Re: Post on Technical Writing vs. Technical Communication
Technical Communicator = Technical Writer with an inferiority complex.
Way back when I had a technical writing class and there was only one option for a technical writing class, the school had just changed the course name from "business writing" to "technical writing." The instructor lectured a little bit about why the field was called "technical writing" and not "business writing." She compared and contrasted various writing purposes of writing business documents, like letters, and writing instructions to explain what technical writing was and what it was not.
The name of the field lends itself to confusion because the term "technical" makes many people think of technology, while the term applies to the technical aspects of anything that must be communicated to a target audience. Technical writing typically includes documents, illustrations, and various types of media to provide the content of the writing in various forms, like slideshow and video presentations. While any form of communication other than a written document is not itself something one reads, it is the result of technical writing, so it is technical writing.
I think the expansion of various methods and media to provide the content of technical writing broadens the scope of what non-writers typically view as technical communication, so the term "technical communication" has been adopted to describe this scope. Technical communication tends to include various disciplines that are used in technical writing, but these disciplines also have other purposes not limited to technical writing.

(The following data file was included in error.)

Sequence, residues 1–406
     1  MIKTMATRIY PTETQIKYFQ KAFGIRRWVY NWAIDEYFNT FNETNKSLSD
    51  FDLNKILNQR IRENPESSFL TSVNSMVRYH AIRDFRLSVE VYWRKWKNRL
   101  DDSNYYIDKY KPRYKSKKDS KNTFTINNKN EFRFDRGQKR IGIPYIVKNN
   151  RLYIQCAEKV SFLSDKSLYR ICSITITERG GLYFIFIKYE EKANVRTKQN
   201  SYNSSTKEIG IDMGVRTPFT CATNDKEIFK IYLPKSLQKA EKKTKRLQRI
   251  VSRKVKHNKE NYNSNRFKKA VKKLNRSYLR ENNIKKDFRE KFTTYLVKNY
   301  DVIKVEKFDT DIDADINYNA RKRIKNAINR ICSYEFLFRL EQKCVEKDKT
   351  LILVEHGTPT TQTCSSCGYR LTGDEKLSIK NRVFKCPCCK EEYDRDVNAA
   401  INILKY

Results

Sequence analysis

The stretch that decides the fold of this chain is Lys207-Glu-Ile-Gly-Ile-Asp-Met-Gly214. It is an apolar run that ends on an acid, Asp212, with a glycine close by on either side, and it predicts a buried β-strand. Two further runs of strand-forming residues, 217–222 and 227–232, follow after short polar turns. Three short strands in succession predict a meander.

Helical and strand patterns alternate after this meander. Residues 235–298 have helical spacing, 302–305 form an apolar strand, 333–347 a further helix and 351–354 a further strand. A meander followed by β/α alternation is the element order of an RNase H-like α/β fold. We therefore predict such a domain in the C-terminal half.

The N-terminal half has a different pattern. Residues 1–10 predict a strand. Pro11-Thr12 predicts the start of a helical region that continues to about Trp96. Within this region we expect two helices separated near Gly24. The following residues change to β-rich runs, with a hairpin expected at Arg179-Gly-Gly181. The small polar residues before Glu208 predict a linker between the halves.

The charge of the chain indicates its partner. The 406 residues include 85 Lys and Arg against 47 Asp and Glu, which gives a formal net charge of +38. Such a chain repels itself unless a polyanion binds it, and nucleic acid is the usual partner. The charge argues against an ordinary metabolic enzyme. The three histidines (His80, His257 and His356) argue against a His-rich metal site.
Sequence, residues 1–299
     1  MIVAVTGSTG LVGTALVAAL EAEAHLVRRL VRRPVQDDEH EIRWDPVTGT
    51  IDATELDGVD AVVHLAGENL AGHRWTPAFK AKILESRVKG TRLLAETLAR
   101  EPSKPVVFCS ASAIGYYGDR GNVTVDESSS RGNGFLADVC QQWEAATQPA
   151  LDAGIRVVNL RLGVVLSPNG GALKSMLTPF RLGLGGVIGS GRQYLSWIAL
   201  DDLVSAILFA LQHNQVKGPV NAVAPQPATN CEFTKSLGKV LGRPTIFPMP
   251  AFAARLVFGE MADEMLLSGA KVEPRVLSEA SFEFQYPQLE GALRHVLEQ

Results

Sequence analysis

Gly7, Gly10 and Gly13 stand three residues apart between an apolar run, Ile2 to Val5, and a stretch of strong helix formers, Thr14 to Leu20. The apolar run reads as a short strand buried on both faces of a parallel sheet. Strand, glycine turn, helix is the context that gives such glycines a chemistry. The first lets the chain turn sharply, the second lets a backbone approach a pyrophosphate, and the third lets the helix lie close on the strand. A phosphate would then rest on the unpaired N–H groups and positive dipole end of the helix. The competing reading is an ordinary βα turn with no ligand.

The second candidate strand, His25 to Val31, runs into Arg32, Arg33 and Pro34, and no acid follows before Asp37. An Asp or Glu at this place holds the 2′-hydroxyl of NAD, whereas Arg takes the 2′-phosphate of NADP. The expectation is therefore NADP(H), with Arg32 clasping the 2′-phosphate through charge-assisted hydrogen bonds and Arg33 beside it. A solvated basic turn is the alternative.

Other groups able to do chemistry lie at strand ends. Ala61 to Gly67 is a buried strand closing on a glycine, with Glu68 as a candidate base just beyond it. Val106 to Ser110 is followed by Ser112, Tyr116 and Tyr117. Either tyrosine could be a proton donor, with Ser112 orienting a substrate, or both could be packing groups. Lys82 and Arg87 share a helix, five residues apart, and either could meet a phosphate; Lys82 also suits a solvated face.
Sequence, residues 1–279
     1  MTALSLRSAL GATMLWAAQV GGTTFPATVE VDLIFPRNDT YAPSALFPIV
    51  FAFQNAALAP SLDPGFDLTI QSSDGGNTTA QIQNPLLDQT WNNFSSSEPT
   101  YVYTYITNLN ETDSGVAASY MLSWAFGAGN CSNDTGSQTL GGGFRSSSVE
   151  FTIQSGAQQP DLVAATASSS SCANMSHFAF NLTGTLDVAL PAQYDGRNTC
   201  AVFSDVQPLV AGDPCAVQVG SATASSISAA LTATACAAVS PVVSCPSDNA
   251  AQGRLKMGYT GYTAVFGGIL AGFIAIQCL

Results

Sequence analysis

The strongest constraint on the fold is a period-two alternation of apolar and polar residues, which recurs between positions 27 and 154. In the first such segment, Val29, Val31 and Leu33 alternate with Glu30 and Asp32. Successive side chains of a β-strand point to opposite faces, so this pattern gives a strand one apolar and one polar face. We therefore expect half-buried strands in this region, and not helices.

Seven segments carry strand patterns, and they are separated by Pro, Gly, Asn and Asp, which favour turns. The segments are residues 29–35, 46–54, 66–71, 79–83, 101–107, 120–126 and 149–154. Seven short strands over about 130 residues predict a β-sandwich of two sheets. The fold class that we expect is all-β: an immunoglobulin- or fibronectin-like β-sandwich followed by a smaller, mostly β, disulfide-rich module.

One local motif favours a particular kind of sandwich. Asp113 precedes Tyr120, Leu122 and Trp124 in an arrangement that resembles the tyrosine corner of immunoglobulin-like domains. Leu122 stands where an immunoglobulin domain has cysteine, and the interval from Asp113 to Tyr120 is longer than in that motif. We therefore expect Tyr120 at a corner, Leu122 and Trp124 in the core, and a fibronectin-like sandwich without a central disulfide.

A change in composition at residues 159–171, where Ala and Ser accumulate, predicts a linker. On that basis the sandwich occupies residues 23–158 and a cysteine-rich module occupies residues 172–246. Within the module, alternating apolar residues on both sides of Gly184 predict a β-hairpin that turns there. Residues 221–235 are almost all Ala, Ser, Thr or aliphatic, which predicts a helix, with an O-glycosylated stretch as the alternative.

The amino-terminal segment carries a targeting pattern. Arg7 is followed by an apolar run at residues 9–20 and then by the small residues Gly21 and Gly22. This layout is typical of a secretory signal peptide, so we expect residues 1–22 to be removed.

Technical communication includes business analysis, project management, business and personnel management, application development, database management, web site development, and various other non-exclusively technical writing disciplines. What the term "technical communication" does not include is a person known as a "technical communicator." Technical communication is a field of many disciplines that include technical writing. While any person who works in technical communication can be called, a "technical communicator," "technical communicator" is not a legitimate job title and it is likely a catch-all job title for someone who is not focused or for an employer that wants one person to do many jobs.
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Post on Technical Writing vs. Technical Communication: From: Cardimon, Craig
RE: Post on Technical Writing vs. Technical Communication: From: Dan Goldstein
RE: Post on Technical Writing vs. Technical Communication: From: Cardimon, Craig
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